PRESCOTT, Arizona - Prescott's Adam Neely has a luxury that not too many high school basketball coaches at any level enjoy - an abundance of players he can count on, including one who's 6-feet-10-inches tall.
"This is the deepest team I've ever had," says Neely, entering his sixth season as the Badgers' head coach. "We have the potential to use 10 players every night. That's unusual in basketball."
Neely hopes that Prescott's momentum from the end of last season will carry over to the 2014-15 campaign. He got a glimpse of the Badgers' progress three nights ago in the their opener (they lost, 65-53) against Section 1 rival Flagstaff, which finished runner-up in the Division 2 state tournament a year ago.
In the section final last year, the Badgers shocked heavily-favored Flagstaff by opening up a 15-point halftime lead. But the Eagles rallied in the second half to win, 67-55.
"That game opened our eyes to what we were capable of doing," Neely says. "We preached team basketball. The players bought into it and grew as a group. It was a season to be proud of."
The Badgers' 13-18 record belied the team's upswing at the end when they won seven of their final 10 outings, including a six-game winning streak.
Neely has high expectations for 6-10 senior center Aric Fredlund, who played in all 28 games last season but was not a significant scorer or rebounder.
"Aric has massively improved physically and mentally," Neely says. "He's got better hands. He's added 15 pounds of muscle and is much stronger. He runs the court well and understands the game. You hear his voice in practice. He's fully respected by his teammates.
"Aric is in a position to be dominant in the post," Neely adds. "With his size and long arms, he'll block shots or force shooters to change the directions of their shots."
Fredlund's presence will allow the Badgers' defense to pressure ballhandlers more aggressively, knowing they have a 6-10 backup. This should give the Badgers more opportunities to transition to fast breaks. That way, Neely points out, the defense creates the offense.
Two of the top four scorers from 2013-14 will bolster the Badgers at both ends of the court.
Football standout Skylor Clinton, a 6-2 senior forward, demonstrated his overall athleticism by averaging 9.0 points per game last season, third behind graduated scoring leader Jake Feingold (9.9) and Jake Licavoli (9.2), who is now playing at Gilbert Christian High School after his family moved in the off-season. Clinton grabbed 6.4 rebounds per outing, runner-up to Licavoli (8.1). All three of the Badgers' top scorers made the All-Courier boys' basketball team last season.
"Skylor is an active player," Neely says. "He got his hands on a lot of balls [65 deflections] to create turnovers on defense. He's strong around the rim and has a nice jump shot from 8- to 10-feet. With his quickness and strength, he will get [to play] a lot of minutes."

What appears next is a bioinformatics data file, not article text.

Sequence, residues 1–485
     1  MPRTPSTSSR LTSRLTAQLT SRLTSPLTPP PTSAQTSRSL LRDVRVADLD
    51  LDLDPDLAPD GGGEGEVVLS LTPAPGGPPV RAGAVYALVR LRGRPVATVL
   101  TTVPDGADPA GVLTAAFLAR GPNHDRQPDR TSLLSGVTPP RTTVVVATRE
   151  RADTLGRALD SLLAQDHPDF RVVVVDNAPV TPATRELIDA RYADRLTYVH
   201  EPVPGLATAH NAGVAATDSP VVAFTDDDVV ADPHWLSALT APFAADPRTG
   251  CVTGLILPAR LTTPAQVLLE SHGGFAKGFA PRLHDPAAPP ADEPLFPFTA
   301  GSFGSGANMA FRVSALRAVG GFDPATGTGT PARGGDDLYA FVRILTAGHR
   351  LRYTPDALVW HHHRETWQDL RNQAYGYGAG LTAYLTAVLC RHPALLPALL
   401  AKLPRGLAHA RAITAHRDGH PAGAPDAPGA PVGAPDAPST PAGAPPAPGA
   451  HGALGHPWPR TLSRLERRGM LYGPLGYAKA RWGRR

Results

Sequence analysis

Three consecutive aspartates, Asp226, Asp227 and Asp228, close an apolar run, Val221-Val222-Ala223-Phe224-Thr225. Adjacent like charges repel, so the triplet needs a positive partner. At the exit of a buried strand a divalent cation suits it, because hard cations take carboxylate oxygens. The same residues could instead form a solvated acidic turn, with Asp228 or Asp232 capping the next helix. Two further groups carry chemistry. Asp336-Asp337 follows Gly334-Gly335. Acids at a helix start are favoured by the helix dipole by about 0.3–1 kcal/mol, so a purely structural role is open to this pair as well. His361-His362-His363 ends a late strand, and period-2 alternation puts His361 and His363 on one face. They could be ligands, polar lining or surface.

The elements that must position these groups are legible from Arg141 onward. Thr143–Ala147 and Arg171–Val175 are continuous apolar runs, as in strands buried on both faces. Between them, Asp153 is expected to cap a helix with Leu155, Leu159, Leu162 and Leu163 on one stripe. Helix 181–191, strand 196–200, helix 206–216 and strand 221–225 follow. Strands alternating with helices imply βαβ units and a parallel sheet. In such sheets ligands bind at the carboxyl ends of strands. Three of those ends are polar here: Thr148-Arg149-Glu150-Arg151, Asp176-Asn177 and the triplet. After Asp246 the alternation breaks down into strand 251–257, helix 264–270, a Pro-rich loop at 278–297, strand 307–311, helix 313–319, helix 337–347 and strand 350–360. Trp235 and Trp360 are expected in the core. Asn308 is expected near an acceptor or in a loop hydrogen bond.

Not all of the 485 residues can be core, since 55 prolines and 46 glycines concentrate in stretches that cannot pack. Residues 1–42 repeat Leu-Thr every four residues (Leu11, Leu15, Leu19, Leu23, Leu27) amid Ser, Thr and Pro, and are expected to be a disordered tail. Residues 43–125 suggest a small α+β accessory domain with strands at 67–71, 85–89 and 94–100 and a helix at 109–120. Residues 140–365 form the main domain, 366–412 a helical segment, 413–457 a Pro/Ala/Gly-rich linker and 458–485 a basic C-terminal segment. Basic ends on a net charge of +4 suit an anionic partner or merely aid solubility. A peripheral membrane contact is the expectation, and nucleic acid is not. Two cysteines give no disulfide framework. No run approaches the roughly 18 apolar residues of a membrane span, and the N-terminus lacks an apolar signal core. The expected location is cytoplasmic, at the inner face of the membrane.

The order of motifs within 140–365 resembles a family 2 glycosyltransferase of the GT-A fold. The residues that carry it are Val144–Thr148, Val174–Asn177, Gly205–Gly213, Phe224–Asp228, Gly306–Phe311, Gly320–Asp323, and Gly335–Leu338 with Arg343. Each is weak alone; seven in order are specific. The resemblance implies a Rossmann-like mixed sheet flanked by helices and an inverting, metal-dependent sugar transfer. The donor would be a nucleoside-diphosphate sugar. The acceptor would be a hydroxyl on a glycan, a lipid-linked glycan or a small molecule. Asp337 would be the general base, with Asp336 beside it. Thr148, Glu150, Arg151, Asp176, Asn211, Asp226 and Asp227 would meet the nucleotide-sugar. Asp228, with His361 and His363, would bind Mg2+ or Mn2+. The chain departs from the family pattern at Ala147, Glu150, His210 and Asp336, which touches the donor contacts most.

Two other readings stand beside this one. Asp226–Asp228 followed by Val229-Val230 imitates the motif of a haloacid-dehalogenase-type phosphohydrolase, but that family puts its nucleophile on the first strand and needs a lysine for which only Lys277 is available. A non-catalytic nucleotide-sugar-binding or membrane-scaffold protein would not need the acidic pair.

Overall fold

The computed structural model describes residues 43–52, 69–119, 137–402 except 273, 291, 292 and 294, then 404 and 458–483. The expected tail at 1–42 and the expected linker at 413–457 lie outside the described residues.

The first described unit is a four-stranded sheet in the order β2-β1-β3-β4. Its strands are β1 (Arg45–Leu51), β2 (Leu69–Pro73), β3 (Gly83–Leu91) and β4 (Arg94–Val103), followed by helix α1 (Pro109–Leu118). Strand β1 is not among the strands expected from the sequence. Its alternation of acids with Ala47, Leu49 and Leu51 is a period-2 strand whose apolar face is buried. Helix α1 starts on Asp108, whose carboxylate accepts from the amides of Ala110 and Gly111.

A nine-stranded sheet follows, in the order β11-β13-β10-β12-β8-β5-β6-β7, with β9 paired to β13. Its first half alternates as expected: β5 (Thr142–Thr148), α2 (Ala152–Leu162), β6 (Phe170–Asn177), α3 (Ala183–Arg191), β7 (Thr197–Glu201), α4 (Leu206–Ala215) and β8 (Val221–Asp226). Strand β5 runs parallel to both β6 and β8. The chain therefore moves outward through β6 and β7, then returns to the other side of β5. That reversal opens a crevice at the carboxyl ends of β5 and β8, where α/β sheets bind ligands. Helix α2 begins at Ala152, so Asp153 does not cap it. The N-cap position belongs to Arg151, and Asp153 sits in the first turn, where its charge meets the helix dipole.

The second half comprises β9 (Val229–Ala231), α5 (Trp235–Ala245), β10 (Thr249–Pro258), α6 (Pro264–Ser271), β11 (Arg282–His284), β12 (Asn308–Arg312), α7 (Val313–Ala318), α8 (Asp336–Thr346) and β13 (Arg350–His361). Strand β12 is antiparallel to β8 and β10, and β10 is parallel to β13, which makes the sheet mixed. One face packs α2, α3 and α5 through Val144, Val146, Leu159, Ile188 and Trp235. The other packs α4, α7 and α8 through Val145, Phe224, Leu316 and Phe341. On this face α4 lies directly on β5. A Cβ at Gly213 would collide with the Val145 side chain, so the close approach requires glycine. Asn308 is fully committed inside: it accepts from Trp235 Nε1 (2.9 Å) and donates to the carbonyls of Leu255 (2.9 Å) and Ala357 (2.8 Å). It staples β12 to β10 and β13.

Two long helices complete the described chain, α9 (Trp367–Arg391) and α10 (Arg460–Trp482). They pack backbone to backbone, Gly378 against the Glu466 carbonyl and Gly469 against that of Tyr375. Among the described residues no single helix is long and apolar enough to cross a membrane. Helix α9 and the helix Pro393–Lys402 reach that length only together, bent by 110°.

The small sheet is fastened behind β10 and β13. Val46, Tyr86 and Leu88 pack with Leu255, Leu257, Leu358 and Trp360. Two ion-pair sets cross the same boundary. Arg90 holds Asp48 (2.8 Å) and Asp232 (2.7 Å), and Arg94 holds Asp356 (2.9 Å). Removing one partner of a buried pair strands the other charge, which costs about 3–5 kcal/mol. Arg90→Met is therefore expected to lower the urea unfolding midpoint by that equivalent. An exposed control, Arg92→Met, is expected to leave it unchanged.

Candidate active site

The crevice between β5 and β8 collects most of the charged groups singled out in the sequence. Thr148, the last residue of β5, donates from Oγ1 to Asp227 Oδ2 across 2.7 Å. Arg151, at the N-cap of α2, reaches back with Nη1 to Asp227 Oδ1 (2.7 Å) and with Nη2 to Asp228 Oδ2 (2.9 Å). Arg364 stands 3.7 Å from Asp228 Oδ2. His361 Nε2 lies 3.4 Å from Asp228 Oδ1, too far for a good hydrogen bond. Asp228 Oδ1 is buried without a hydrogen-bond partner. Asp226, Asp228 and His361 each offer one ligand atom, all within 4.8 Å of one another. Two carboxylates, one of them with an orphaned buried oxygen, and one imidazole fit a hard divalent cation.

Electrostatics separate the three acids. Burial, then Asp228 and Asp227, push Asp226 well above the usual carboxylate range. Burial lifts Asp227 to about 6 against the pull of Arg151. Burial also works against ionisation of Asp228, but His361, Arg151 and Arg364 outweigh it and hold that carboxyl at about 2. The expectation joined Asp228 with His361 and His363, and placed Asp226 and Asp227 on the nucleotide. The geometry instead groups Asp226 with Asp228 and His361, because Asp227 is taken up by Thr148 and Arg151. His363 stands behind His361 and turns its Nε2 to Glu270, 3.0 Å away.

Junior wing Logan Smith led the team with 25 three-pointers while averaging 7.8 points per game a year ago. Neely calls him "instant offense." He scored in double figures eight times as a sophomore, including a high of 21 against Saguaro, and was second on the team with 45 steals.
Another junior, wing Colin Fernandez (4.4 ppg), complements Smith's skills as an outside shooter with strong moves driving to the basket.
"Their experience in tough games will make a difference for us," Neely says. "They don't play with a lot of fear. They had some big games for us as sophomores."
Neely expects 5-10 guard Pravesh Patel, another junior who gained varsity experience as a sophomore, to be one of the engines driving the defense.
"Pravesh will be an impact defensive player with his energy and leadership," Neely says.
Several players from last year's junior varsity team are expected to fill important roles. Juniors Drew Raskin, who moved up to the varsity at the end of last season, and Garrett Schulz are competing at point guard. Tyler Bell, a 6-4 junior, is a versatile athlete who can play four different positions. Zach Fetter, a 6-5 junior center/forward, led the JVs with a 13.6 scoring average.
"Zach is solid in the paint," Neely says. "He's got good hands, rebounds well, and can finish around the rim. We've got to find ways to get him on the floor. He's a productive player."
Neely expects the Badgers' section, which includes rival Bradshaw Mountain, to be tough as usual.
"It might be more balanced than last year," he says. "Every game will be a battle."
This season, at least, he'll have more troops.
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